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Originally posted in The Australian
THE first time I heard the term DINK, meaning "double income, no kids", was in the early 1980s.
It applied to baby-boomers born in the late 1940s to early 1950s who were living together in their late 20s and early 30s and who had purposefully postponed children.
Add to this the then relatively new idea of women remaining in the workforce and the consumer impact of the DINK household was immediately apparent. DINKs first surfaced in the inner city; they gentrified terrace houses in places such as Sydney's Paddington and Melbourne's Carlton.
They were more often university-educated and they lived lifestyles of conspicuous consumption: fashionable clothing, travel, restaurants and cars that were perhaps considered "above the station" of people in their 30s.
All of this was made possible, of course, by the radical notion of a household comprised of two incomes and no children.
Today, the term DINK has morphed - we speak of yuppies (young urban professionals) and hipsters, both of which are just as likely to reflect a set of behaviours as a demographic sub-culture.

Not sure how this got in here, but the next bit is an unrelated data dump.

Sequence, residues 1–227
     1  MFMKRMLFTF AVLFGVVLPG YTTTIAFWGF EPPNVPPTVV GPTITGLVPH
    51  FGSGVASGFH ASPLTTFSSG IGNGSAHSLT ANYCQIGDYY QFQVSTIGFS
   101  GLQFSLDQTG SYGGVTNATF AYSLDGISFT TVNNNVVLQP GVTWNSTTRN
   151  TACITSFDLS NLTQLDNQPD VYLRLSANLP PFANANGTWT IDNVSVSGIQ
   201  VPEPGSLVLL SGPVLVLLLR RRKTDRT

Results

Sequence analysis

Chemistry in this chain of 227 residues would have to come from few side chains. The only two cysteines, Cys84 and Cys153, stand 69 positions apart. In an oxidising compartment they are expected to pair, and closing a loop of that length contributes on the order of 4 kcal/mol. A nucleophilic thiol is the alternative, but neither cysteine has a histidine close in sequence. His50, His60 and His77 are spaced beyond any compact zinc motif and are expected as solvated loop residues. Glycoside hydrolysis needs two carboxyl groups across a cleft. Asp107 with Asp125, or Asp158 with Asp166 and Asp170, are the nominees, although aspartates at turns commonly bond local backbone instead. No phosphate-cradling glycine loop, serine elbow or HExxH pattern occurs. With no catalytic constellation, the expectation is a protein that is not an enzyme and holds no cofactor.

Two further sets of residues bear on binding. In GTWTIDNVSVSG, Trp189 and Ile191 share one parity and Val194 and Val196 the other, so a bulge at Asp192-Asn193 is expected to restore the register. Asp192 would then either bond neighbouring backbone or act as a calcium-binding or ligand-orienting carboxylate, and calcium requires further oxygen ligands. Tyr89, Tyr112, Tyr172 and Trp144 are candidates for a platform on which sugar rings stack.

However, over 30 years of knowing the term and the concept of DINK and its derivatives, I have never seen this group measured and mapped.
Or at least not until now.
How big is the Australian DINK population and where do they live?
I commissioned a special data extraction from the 2011 census to answer this question. I defined a DINK as a household of two people in a relationship aged 20-49 who have no children and who jointly earned more than $104,000 a year at the time of the census. In common parlance, these are young, rich, childless, couple-only households.
There were 303,000 DINK households in Australia in 2011, implying a DINK population of 606,000, which is 7 per cent of all people aged 20-49.
The reason DINKs have always excited the business community is because of their spending power: double-income no-kid households, inclusive of same-sex couples, are likely to spend more than average on housing, technology, travel, restaurants, clothing, probably alcohol (such as wine, spirits and boutique beers) and (European) cars than households dominated by mum, dad and the kids.
Typically, DINK households comprise 4 per cent of all households, but in the Melbourne suburb of Cremorne, this proportion is 19 per cent. If there is a single DINK hotspot in Australia, then Cremorne is it. Cremorne is located within 3km of the Melbourne CBD and has what might be described as a Manhattanesque streetscape.
This suburb does not have the kind of local parkland amenity that would appeal to households with children.
The DINK heartland in Sydney centres on Erskineville, where this group comprises 18 per cent of all households. In both cities, DINKs cluster in the downright child-unfriendly suburbs of the inner city: places such as Alexandria, Camperdown and Rozelle in Sydney and Docklands, East Melbourne and Burnley in Melbourne.
Continued...The new DINK life form
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